FARRELL: Yeah, absolutely, absolutely. And you come out of that, you know, with this understanding that we’re all together in this thing, we’re all basically the same, we’re all trying to find some happy resolution, some way to get along in this world. And, I will say, that premise, this love, attention, and respect concept—.

JAY: But that could lead you to a kind of more Christian—what should I say? There’s many things you could call Christian, but what I mean by that is more missionary, do good. But you became more and more political as you got older, and part of politics, as I understand your politics, is that you do start to recognize there are people and forces out there—maybe they’re looking for love and respect in strange places, but, you know, if you can run a tobacco company and not only know that all your consumers are probably going to die of your product, but you even let your kids smoke, we’re dealing with a different kind of psychology.

FARRELL: Absolutely.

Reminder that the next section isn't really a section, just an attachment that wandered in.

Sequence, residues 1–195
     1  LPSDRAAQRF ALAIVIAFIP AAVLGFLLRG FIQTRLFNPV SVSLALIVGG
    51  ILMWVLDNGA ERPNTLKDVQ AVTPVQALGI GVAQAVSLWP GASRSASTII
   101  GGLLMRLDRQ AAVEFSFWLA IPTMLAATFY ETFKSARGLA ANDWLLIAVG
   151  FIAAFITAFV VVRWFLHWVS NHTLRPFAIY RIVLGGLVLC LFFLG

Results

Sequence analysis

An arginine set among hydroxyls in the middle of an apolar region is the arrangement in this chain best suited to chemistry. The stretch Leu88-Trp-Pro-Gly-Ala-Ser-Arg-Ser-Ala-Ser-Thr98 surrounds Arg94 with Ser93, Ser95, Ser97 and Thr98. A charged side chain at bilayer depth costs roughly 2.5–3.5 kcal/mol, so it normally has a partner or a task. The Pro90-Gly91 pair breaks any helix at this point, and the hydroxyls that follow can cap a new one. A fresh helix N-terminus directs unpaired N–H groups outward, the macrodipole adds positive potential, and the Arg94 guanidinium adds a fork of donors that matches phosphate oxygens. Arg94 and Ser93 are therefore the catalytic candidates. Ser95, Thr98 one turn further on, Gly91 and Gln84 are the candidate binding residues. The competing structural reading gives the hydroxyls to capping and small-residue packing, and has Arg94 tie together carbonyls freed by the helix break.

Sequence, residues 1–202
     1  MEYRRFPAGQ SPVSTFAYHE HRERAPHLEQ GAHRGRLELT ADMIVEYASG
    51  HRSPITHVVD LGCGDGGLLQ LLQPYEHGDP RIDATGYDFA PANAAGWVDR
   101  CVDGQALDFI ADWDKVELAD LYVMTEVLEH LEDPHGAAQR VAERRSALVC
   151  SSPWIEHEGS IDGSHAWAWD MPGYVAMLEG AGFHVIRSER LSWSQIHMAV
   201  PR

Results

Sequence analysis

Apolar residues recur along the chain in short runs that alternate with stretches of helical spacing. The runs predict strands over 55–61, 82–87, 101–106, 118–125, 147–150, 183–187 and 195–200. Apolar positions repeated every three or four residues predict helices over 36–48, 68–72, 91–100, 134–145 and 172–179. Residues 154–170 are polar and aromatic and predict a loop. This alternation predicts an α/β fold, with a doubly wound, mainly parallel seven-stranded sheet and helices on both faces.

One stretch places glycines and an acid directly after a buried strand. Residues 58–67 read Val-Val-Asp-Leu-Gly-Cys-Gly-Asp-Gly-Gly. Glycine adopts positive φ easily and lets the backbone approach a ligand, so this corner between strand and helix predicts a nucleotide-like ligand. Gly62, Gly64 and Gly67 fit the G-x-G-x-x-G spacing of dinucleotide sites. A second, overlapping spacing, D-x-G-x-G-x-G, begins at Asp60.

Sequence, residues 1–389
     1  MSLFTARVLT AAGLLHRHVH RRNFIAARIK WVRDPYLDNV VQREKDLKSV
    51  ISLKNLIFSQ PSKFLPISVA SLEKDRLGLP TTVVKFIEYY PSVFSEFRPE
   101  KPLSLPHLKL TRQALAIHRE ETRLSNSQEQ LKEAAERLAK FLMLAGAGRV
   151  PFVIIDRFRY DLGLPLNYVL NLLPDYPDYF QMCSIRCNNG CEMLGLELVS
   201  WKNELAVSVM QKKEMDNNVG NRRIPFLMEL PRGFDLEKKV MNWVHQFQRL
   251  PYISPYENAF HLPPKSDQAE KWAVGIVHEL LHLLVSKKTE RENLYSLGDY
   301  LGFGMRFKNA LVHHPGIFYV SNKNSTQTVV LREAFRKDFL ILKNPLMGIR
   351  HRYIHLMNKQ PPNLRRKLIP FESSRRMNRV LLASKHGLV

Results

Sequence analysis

JAY: But in the realization of that, when does that start to hit you, that there’s people in power here that don’t think or feel like most people do?

FARRELL: I think it’s all part of the same process, the same sort of germination of all of these ideas as they come together, all of these feelings, all of these experiences. You begin to understand that so many people are lying to themselves, so many people are building their lives on lies, self-defeating, self-hating lies, but because they’ve been told that the pursuit of wealth or the pursuit of success or the pursuit of something is what’s going to make them whole. So, for me, it’s really always been a question of trying to figure out how to do the right thing.